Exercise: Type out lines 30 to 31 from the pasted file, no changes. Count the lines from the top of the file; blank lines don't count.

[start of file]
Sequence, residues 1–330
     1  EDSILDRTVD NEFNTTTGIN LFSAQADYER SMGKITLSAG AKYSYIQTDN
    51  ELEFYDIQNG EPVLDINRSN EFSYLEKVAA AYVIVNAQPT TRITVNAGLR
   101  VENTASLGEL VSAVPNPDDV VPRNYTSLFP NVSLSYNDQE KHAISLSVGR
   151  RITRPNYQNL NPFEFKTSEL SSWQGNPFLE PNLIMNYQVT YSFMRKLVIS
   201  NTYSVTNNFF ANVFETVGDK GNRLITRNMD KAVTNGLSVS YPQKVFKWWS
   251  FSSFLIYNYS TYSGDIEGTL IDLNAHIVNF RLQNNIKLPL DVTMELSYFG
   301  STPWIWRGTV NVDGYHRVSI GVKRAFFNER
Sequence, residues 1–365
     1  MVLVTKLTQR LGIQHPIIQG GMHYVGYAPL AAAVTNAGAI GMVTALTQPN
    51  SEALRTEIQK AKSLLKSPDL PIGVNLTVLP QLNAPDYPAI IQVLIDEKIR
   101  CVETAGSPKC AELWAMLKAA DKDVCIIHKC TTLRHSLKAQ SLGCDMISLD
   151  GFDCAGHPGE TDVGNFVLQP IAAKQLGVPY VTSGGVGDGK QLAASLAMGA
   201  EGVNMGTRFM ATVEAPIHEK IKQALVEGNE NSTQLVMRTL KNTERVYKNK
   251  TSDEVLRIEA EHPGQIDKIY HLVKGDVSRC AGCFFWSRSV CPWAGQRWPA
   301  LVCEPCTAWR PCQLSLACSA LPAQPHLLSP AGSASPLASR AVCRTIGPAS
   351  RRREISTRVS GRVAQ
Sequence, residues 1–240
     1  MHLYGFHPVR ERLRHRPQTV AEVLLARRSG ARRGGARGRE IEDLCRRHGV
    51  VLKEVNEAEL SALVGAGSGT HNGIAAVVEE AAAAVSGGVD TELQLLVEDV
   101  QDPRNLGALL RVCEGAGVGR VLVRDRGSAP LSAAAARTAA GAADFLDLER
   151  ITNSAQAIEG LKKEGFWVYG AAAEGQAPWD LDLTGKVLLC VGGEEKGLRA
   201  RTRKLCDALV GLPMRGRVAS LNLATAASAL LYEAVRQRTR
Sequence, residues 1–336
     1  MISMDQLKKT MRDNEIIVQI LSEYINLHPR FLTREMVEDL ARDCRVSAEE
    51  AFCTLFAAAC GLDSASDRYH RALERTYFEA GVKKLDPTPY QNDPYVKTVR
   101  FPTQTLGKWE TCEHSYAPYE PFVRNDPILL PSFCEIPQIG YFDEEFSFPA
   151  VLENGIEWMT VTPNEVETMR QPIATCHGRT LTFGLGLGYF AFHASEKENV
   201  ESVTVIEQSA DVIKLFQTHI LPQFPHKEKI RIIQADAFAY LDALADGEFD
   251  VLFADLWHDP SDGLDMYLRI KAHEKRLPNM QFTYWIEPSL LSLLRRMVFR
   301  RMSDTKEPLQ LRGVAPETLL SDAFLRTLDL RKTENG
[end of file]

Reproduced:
   251  VLFADLWHDP SDGLDMYLRI KAHEKRLPNM QFTYWIEPSL LSLLRRMVFR
   301  RMSDTKEPLQ LRGVAPETLL SDAFLRTLDL RKTENG